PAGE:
More court cases, especially corruption trials, will make increased use of social media, a spokesman for the Supreme People's Court (SPC) said on Wednesday.
Microblogs of real-time information will become a common practice for Chinese courts, said Sun Jungong, the SPC spokesman, when asked if the handling of the trial of Bo Xilai had set a precedent for other graft cases.
Bo, the 64-year-old former secretary of the Communist Party of China (CPC) Chongqing Municipal Committee and a former member of the CPC Central Committee Political Bureau, was sentenced to life imprisonment for bribery, embezzlement and abuse of power.
In August, the Jinan Intermediate People's Court posted live reports from Bo's trial, including audio and video files of evidence, transcripts and pictures, on a microblog account at Sina Weibo. Many of the items were reposted tens of thousands of times.
Sun said that while such practices will become more standard, they may not be applied to every case involving corrupt officials.
"We will consider different situations of different cases and try to find the best way to keep the public informed," said Sun, at a briefing with media and citizens invited to visit the SPC on Wednesday morning.
In a major move to promote judicial transparency, courts will use both traditional and new media to publish trial information, whenever convenient and easy to access for the public, he said.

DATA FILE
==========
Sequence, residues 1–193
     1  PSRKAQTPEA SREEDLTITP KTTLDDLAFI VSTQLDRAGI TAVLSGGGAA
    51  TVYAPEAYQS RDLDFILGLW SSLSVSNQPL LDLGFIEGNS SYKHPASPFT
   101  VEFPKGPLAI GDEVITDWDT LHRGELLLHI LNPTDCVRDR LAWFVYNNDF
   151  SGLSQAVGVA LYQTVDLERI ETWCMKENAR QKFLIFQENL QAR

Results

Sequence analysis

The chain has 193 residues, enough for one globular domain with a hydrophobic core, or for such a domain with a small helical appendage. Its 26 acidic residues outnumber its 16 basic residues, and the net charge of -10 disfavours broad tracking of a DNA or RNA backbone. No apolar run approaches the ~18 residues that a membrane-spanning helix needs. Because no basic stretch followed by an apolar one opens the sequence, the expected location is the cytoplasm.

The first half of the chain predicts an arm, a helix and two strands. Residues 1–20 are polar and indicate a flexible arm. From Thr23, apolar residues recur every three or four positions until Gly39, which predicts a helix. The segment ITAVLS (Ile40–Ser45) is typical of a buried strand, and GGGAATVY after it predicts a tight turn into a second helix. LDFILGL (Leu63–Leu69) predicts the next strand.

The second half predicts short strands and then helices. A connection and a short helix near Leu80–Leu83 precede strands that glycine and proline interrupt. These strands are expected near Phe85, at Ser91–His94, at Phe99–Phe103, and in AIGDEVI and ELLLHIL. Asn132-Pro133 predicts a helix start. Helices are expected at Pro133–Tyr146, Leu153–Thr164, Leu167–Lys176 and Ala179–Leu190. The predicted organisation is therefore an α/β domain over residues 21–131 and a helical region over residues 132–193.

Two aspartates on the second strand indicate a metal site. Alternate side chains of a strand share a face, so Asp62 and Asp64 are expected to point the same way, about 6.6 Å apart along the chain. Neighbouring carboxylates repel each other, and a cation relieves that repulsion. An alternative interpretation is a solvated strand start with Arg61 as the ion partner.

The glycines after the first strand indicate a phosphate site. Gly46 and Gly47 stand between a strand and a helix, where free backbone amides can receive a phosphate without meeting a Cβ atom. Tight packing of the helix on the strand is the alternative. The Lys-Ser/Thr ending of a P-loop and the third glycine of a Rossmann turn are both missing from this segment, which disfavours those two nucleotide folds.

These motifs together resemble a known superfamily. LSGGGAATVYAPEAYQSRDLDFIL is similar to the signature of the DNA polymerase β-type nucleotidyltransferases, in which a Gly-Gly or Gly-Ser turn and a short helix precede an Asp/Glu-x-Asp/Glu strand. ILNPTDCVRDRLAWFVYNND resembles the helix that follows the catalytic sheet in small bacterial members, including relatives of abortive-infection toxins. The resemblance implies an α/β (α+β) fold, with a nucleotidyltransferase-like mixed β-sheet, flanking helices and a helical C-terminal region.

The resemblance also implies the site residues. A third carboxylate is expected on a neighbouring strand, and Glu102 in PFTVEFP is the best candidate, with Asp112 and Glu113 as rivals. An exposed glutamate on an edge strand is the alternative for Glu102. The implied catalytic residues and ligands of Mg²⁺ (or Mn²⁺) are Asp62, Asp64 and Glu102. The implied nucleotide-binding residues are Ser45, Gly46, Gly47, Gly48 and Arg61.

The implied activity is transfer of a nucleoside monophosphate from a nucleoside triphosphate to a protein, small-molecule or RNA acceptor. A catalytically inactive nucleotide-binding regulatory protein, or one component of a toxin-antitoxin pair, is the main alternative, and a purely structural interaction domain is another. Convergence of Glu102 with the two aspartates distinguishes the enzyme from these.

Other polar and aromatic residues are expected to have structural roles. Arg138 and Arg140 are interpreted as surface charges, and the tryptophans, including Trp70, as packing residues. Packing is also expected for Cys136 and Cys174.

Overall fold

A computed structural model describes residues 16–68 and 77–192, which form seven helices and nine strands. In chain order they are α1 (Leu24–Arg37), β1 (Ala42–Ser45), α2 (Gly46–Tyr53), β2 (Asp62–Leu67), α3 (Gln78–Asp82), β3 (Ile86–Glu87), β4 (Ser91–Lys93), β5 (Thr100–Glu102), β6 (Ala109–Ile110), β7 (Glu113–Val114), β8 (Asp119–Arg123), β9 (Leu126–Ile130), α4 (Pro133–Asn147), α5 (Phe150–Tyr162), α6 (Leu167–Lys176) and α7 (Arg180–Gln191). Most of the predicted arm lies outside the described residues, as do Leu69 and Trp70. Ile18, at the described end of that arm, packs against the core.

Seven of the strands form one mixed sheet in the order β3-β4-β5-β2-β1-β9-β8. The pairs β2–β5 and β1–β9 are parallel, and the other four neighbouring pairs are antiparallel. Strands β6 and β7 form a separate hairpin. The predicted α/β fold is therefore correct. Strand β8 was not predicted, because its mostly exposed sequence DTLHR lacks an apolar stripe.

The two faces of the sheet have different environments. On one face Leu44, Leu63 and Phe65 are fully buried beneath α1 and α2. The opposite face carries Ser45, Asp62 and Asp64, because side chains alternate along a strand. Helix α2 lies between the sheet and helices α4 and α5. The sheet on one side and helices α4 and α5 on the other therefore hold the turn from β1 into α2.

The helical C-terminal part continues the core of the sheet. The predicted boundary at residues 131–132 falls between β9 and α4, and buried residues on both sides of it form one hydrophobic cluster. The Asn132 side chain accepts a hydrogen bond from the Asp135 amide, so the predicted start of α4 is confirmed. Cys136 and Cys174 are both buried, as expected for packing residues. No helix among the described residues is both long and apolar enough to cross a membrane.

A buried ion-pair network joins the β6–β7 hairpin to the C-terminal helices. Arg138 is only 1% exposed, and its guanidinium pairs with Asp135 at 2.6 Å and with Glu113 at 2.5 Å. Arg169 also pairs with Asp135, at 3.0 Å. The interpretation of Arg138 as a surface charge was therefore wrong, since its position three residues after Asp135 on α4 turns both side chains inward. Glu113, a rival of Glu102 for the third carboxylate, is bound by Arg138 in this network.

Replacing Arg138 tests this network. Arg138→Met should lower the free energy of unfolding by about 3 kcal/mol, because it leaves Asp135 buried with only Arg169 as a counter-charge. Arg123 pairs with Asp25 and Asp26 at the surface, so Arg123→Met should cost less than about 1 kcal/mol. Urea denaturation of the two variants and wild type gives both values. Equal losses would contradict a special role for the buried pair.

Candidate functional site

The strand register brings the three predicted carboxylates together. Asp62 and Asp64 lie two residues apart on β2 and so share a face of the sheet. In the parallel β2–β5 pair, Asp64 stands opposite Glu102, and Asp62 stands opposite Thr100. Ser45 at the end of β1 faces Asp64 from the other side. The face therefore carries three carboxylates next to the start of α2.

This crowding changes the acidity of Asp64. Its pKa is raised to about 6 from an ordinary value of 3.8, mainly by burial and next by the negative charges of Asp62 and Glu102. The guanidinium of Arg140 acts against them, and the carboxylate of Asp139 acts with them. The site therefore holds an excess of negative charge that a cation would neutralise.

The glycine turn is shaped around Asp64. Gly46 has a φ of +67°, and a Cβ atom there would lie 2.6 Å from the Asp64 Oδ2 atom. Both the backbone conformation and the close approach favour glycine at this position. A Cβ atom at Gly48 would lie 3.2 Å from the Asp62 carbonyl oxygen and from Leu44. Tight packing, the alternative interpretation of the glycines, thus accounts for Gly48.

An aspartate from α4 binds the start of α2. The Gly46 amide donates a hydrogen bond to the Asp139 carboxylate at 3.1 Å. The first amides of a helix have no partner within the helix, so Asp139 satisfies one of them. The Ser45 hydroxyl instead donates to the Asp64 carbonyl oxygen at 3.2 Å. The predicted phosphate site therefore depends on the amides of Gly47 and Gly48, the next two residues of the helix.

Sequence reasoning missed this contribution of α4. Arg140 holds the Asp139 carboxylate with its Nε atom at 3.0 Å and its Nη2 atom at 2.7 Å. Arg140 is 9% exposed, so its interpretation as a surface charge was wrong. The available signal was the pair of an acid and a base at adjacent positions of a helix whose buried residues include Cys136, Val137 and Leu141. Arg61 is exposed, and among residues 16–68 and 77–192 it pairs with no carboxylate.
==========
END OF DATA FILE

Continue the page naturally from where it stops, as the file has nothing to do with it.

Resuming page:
"A courtroom can not hold every citizen who wants to hear a trial. Through new media like microblogs and WeChat, we can all observe without being present. If someone does not have time to follow the live updates, our video documents will be available online indefinitely," Sun said.
Last month, the SPC opened official accounts on Sina Weibo and WeChat, two leading social media tools, and now has about 240,000 followers on Weibo.
Last week, the SPC broadcast an appeal case on monopolies and unfair practices between Internet giants Qihoo 360 and Tencent through TV, radio and microblog.
Dec. 4 is a national day to promote rule of law in China. The current Constitution was adopted on Dec. 4, 1982, a few years after the end of the Cultural Revolution when chaotic and lawless governance almost crippled the country.
On Wednesday morning, as part of the SPC's function to mark the day, a group of citizens and journalists were invited to observe a hearing in the Qihoo 360-Tencent case and witness an oath ceremony, in which all SPC judges, led by chief justice Zhou Qiang, took an oath in front of the national flag.